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‘Matilda’ leaves mark on and off the stage

I write to encourage our community to enjoy the magnificent production of “Matilda,” presented at the convention hall by Hawaii Children’s Theatre.

This kind of show is made up of many parts, and every part hits the mark. The expert and imaginative lighting and projections designed by wizard Steve Whitney and his crew are as sophisticated as I’ve seen on that stage.

Equally beautiful are the harmonies of the actors’ singing, thanks to master musician Alan Van Zee. Van Zee’s orchestra is hidden behind a scrim, a good choice for vocal/orchestra balance.

There are many sets of costumes, from the shiny black, sequined Latino dancers to the Crunchem students uniforms, and especially the gaudily loud things worn by Mr. and Mrs. Wormwood.

Then, of course, there are the sets. I’ve never seen sets designed quite like this. Not only are the luminous colors fascinating, but the very odd way the pieces fit together keep us guessing.

Donnie Maione and Steven Whitney created pieces 20 feet tall as well as hugging low to the floor. Though there are many pieces, they are rolled on and off with split-second precision by kids in the cast.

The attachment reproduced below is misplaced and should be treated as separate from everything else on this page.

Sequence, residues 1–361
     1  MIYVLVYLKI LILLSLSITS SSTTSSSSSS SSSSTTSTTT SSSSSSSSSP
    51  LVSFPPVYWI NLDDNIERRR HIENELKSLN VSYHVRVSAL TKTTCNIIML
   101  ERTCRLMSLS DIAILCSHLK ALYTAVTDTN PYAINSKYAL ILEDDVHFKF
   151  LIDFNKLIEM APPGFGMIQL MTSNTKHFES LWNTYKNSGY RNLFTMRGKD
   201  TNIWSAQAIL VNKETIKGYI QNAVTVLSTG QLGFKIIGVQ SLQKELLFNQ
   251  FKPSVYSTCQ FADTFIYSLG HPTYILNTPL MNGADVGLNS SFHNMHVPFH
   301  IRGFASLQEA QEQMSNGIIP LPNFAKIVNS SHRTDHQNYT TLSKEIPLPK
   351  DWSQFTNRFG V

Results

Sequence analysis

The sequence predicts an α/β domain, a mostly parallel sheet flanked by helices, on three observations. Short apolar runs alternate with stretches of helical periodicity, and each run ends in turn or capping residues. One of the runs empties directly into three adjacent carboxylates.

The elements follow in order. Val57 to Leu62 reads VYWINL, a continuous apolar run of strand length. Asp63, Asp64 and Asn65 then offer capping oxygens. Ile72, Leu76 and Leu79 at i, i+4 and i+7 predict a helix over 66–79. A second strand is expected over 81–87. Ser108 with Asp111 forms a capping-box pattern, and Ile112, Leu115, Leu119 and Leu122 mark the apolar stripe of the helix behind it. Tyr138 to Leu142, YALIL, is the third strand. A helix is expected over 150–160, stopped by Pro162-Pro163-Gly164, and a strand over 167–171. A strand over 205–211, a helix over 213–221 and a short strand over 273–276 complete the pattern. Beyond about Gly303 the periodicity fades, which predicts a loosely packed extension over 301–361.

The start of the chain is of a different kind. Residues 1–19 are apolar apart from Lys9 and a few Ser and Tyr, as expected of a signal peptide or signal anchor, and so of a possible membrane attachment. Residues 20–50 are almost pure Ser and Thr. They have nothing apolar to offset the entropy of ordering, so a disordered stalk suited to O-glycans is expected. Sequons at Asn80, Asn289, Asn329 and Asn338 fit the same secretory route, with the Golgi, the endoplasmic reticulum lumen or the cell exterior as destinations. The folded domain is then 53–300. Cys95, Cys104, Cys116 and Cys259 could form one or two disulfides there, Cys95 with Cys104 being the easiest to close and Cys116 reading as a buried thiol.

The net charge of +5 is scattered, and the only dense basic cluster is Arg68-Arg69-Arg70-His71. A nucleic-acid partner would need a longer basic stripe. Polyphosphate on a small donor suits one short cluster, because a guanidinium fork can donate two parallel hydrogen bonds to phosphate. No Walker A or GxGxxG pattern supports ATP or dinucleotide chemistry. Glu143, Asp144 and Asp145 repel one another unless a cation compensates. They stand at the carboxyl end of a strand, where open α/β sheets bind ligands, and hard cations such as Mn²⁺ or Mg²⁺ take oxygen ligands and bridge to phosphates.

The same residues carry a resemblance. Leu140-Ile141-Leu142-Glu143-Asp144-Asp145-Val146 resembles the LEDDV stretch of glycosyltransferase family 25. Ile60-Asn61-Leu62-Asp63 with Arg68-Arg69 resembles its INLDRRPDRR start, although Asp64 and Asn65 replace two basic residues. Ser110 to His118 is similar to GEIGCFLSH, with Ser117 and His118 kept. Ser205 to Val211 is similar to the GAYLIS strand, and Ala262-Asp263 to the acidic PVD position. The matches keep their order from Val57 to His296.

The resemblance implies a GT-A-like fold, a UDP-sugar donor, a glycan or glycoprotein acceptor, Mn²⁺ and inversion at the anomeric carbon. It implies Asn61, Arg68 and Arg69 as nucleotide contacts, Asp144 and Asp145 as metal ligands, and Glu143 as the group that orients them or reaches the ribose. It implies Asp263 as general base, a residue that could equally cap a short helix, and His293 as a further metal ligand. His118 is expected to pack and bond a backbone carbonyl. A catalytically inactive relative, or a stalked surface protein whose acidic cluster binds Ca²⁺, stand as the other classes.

Then, of course, there is the excellent cast.

Erin Gaines’ Miss Honey can break your heart with her poignant, beautiful singing. Larry Richardson and Sabryn Rudinoff as the trashy parents of Matilda — totally trashy.

The night I saw the show, Matilda (which is double cast) was played by 10-year-old Rain Barrett Verd. When the crowd parted and she walked out, I was taken by this small girl. Then she started singing and blew us all away: in tune, rhythmically precise, strongly projected, and deeply felt.

Other fine performances come from Julia Benson as the librarian, Isaac Dubey in every one of his many roles. In fact, there are many solo parts to the show that add richness.

And, then, of course, there is the evil, sadistic Headmistress Trunchbull. It is a tour de force role, and actor Taj Gutierrez takes us all on the entire tour, in a blazingly brilliant performance.

I’ve seen many of the shows directed by friend Carol Culver, and may I be so bold as to suggest that this is her finest work yet? Talk about juggling a basket full of balls! Not easy. Every scene is full of comedic bits and movement that keep one’s eyes glued to the stage. It takes a master to create a show of such detail and finesse. And her choreography … simply wonderful.

And, finally, I read in the program that producer Debra Blachowiak is, as she says, “handing in her broom.” That can only be a major loss to theatre on Kauai. I’ve worked with her many times. With her partnership, I found myself growing as a director and an artist. In our theatre community, she is a giant.


Arnold Meister is a resident of Koloa.
Source: The Garden Island

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